William Gorham: He Was the Founding President of One of Washington’s Leading Think Tanks, the Urban Institute

From a Washington Post obit by Matt Schudel headlined “William Gorham, founder of Urban Institute think tank, dies at 91”:

William Gorham, the founding president of one of Washington’s leading think tanks, the Urban Institute, which has helped steer debate and policy decisions on a wide range of domestic social issues, died Dec. 28 in Washington….

A onetime “whiz kid” and protege of Robert S. McNamara, the defense secretary under Presidents John F. Kennedy and Lyndon B. Johnson, Mr. Gorham held high-level positions at the Defense Department and the old Department of Health, Education and Welfare.

In the late 1960s, Johnson and his top domestic adviser, Joseph A. Califano Jr., were seeking ways to measure the administration’s new Great Society programs. The Urban Institute was launched at a Cabinet meeting, but from the beginning was an independent, nonpartisan organization, with Mr. Gorham at the helm.

“We founded the Urban Institute because we wanted an organization that could give an objective evaluation of how the urban programs were doing,” Califano said. “It was very important for us to have someone outside the government take a hard look at the tremendous number of programs that we were putting in place. I knew Bill Gorham from our work together in the Pentagon. He turned out to be exactly the right guy for the job.”

The Urban Institute received its early funding from foundations and from the Department of Housing and Urban Development. It was not the first public policy think tank in Washington — the Brookings Institution has been around since 1916 — but the analysis of social programs, poverty and the problems of urban America was still an emerging field in 1968.

Mr. Gorham, who had previously worked at the Rand Corp. think tank in California, brought together scholars, analysts and policy specialists to examine public issues and prepare reports laden with forecasts and recommendations. During the 32 years he led the Urban Institute, it grew into one of Washington’s largest and most respected think tanks.

Over the years, the institute has helped shape debate on countless issues, from poverty and housing to health care, racial inequity, taxation, the environment, employment, aging and infrastructure. Because much of its work is focused on domestic policy related to people living in cities, the Urban Institute is often considered a center-left think tank. It is, however, officially nonpartisan, with people from divergent viewpoints holding seats on its board of trustees.

During the 1980s, the Urban Institute faced resistance from the administration of President Ronald Reagan, which cut much of its federal funding. Mr. Gorham rebuilt the organization, relying increasingly on other revenue sources, such as foundations, corporations and competitive grants, and the Urban Institute came back stronger than ever.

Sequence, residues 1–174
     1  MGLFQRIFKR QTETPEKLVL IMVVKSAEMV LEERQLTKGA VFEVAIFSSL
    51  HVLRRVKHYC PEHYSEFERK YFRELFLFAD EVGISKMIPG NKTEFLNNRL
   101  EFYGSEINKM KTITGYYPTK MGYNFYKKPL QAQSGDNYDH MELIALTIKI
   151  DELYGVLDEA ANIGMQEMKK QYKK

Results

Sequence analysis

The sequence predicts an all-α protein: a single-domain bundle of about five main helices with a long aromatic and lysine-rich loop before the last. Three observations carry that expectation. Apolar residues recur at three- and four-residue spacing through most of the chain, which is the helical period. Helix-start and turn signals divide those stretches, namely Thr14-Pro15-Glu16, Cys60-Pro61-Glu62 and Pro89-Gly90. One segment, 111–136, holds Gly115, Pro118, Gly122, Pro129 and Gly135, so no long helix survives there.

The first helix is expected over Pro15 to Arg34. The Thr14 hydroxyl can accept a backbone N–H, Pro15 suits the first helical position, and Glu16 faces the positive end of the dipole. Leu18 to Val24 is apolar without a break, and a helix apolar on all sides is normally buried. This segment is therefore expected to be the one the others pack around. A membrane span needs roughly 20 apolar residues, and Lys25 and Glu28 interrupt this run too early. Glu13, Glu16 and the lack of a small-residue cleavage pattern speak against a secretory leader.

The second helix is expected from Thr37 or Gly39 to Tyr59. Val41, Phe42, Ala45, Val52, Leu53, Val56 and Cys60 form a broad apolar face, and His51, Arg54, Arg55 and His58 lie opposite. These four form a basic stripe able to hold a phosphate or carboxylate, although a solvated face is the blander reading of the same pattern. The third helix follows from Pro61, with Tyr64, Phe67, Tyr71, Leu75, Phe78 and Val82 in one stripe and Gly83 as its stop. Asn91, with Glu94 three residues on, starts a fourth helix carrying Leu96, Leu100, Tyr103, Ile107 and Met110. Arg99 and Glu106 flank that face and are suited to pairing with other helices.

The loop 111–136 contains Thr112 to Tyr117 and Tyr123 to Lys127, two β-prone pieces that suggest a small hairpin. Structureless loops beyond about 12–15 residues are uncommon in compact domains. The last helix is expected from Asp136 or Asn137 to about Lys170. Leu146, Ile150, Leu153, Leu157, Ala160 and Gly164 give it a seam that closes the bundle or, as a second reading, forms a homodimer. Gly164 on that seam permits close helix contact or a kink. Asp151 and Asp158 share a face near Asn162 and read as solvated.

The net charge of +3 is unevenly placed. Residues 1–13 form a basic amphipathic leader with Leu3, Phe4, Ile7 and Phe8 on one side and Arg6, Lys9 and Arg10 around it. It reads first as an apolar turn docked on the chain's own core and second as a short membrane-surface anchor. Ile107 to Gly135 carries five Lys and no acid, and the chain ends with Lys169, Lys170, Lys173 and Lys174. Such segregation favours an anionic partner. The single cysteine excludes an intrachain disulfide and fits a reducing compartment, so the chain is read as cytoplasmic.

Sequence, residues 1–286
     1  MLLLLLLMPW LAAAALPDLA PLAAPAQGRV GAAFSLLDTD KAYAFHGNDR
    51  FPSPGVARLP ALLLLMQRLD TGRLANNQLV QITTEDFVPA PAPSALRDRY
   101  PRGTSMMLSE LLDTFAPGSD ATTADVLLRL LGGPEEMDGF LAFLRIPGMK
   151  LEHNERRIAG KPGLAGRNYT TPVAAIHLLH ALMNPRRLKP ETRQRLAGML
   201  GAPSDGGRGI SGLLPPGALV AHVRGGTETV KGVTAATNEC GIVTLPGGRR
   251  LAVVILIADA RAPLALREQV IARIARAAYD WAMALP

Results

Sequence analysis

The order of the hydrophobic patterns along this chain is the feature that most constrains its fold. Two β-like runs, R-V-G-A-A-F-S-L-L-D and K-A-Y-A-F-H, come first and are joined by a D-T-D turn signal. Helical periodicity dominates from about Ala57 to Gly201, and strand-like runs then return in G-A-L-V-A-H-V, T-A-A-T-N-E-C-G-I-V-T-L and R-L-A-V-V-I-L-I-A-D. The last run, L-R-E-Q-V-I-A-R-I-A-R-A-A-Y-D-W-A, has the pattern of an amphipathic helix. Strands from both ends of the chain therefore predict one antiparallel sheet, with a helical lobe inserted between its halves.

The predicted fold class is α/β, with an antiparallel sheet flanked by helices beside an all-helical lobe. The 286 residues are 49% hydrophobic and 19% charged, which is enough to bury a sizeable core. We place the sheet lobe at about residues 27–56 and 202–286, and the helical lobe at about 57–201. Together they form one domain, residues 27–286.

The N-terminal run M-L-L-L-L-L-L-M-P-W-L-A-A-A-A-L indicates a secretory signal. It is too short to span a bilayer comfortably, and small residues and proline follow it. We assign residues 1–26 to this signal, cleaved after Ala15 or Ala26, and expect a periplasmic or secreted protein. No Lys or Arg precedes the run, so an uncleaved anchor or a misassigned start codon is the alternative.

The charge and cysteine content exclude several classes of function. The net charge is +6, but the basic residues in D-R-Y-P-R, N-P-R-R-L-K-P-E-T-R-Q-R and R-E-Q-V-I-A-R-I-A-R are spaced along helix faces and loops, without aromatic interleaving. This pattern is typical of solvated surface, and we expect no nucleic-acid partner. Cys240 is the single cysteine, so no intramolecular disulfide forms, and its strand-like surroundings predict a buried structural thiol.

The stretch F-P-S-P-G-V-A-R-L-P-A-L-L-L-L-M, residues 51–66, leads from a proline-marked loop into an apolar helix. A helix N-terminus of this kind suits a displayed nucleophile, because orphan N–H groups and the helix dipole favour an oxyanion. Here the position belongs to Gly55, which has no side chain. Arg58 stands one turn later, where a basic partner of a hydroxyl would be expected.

As the organization observed its 20th anniversary in 1988, it had about 150 staff members and an annual budget of $12 million….By the time Mr. Gorham stepped down in 2000, the staff numbered 370, with an operating budget of $61 million.

Mr. Gorham, who rarely gave interviews, was credited with helping develop “micro-simulation models,” one of the institute’s signature methods of social analysis. Scholars and investigators collect information on an issue, such as insurance or child tax credits, then conduct detailed modeling studies, measuring possible outcomes from alternative policies.

Early in the presidency of Barack Obama, the institute’s analysis of a Massachusetts health-care law championed by then-Gov. Mitt Romney, helped provide the basis for projections of how Obama’s Affordable Care Act would take shape.

More recently, the Urban Institute — which produces hundreds of research papers each year — has studied social ramifications of the coronavirus pandemic, racial disparities in corporate America, the changing workforce and other topics. Social problems are sometimes highlighted years before they enter the public dialogue.

The institute currently has about 600 employees and a $100 million annual budget. Several of its fellows have taken high-ranking positions in President Biden’s administration.

“Our mission is very constant,” institute President Sarah Rosen Wartell said. “We look at the problems related to community, place and people. We develop insights from evidence in pursuing the opportunity to solve the problems of those left behind by society.”

William Gorham was born Dec. 14, 1930, in New York City….He was an economics major at Stanford University, from which he graduated in 1952. He was in graduate school when he joined the Rand Corp., developing a specialty in the personnel needs of the military. He came to Washington in 1962 to join McNamara’s Defense Department, focusing on troop effectiveness and compensation and the military draft. From 1965 to 1968, he was a top assistant to HEW Secretary John Gardner…..

For years after his retirement, Mr. Gorham continued to come to the office, said Wartell, who has been president of the Urban Institute since 2012. “He was enormously generous, gracious and supportive and was a good mentor to young people.”

Matt Schudel has been an obituary writer at The Washington Post since 2004. He previously worked for publications in Washington, New York, North Carolina and Florida.

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